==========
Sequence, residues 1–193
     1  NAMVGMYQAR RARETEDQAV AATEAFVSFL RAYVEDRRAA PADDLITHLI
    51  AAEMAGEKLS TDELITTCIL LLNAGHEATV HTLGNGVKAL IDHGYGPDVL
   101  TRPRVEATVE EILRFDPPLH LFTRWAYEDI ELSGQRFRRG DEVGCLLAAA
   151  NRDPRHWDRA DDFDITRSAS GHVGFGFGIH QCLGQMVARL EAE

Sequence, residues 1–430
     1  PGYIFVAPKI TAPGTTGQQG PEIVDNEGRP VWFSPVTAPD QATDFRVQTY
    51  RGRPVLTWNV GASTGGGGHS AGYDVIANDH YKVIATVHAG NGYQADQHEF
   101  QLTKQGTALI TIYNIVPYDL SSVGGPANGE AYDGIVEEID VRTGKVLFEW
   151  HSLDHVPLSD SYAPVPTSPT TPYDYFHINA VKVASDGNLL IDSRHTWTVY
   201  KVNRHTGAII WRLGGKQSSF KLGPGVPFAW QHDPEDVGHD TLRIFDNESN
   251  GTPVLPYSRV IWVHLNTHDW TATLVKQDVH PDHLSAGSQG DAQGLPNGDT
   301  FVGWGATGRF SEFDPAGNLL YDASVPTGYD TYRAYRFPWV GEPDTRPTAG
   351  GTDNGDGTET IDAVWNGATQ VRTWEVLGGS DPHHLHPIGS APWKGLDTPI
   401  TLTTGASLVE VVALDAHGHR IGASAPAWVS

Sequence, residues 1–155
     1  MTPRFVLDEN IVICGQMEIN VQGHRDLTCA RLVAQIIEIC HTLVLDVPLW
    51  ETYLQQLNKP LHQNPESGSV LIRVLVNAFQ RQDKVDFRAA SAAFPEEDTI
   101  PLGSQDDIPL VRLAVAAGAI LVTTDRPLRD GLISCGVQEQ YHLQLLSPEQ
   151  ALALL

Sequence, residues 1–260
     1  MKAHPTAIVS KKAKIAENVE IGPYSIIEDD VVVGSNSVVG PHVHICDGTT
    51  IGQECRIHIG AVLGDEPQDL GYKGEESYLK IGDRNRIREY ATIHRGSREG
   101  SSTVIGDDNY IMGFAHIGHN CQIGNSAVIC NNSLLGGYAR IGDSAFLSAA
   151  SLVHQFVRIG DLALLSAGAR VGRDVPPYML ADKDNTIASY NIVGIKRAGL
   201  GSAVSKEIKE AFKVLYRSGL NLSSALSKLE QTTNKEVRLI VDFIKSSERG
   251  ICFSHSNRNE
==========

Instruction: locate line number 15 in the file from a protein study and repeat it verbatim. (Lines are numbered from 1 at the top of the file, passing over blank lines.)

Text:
   401  TLTTGASLVE VVALDAHGHR IGASAPAWVS